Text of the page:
Recently I had the opportunity to be on the Future Transport panel at the Innovation Expo held in Christchurch. In preparing for the panel, we were asked to consider the future developments in transport. My first consideration was for the highly publicised fully autonomous vehicles driving around on the roads without an actual driver. Then there’s the idea of ‘flying cars’ which propose to have us moving around like the Jetsons! While these are exciting and promising views of the future, they are just that, the future – they are not ‘here’ now.
I have no doubt that any remaining technical issues will be addressed in time, but I cannot see that happening in the next 10 years; particularly when considering the legal, political, ethical and moral considerations that still need to be resolved. For example: What are the legal vehicle requirements that will no longer be required (does a vehicle need a steering wheel)? How will insurance work? Or the big one, a child runs onto the road and an autonomous vehicle must decide between hitting the child, hitting oncoming traffic, or crashing into the pedestrians on the footpath…who and how will that decision be made?
In reality, I think the immediate future of transport is going to be considerably more contentious, driven by environmental and financial concerns which will fundamentally change how we consider mobility.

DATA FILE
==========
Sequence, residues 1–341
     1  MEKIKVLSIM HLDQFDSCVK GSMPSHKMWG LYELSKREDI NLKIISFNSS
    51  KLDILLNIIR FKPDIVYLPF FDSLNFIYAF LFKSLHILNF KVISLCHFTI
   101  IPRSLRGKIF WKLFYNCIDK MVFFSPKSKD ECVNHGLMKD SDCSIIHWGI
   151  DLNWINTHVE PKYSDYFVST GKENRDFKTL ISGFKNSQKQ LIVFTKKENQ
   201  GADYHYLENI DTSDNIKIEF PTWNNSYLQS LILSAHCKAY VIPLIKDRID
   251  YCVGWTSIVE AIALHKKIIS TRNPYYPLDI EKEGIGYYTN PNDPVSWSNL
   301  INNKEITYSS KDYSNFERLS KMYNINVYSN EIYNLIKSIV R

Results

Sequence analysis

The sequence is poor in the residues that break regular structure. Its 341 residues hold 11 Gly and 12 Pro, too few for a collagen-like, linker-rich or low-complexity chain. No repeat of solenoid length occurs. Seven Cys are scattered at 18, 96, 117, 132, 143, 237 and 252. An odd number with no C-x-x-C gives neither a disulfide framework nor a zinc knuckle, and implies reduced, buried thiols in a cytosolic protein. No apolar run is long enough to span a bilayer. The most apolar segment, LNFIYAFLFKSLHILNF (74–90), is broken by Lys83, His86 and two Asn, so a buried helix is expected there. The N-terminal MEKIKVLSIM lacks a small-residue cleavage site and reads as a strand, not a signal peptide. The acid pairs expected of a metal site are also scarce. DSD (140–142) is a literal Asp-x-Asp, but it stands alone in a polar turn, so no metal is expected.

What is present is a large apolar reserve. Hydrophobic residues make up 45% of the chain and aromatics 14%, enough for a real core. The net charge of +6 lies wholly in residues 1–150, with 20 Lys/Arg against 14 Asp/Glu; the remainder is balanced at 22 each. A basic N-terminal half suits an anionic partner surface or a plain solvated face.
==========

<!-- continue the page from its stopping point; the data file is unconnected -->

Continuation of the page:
Firstly, climate change and transport related emissions are changing the discussion. The transport sector currently makes up about 20 percent of New Zealand’s total greenhouse gas emissions and over 40 percent of our greenhouse gases from the energy sector. For NZ Inc to achieve the internationally agreed reduction targets, transport related emissions will have to be cut significantly, and quickly, noting approximately only 50% of vehicle generated particle emissions come out of the tail pipe; with brake and tyres wear making up the balance. Given the direct and scientifically understood impact of this on human health, we will also be seeing a greater discussion, and ultimately policy framework that looks to address these issues.
Secondly, the adoption of EVs will see the cessation of fuel excise duty which currently generates $3.7billion dollars a year. While the government may have a range of different ways to replace this funding, the most likely source is to move to a mileage-based system, similar to the road user charges for diesel vehicles. Previous suggestions of setting this at about 11c/km seem too low, particularly when considering arguments about infrastructure underfunding. I could see this rising to $0.20 - $0.30 per kilometre or higher, which would see the average commuter driving to work pay approximately $2.30 - $3.40 per day, and without considering any ‘environmental/ emission’ taxes or even congestion charging (in London its £11.50 (approximately NZ$22.00) to drive in between 7am and 6pm). Such a change could have a significant impact in our cities and their continuing sprawl. If commuters were now forced to pay $18 per day for the mileage driven, $5 day for congestion charging, $10 for parking, the economics of car ownership would change considerably.
Our addiction to the private car has continued to grow over the last 50 years, however climate change and the growing understanding of the true costs of this addiction mean that this pattern cannot continue. The future of transport is right in front of us, and it may not be as cheap as what you were thinking.
Blog written by Matthew Noon, Associate Transportation Planner and Business Delivery Manager, Digital Engineering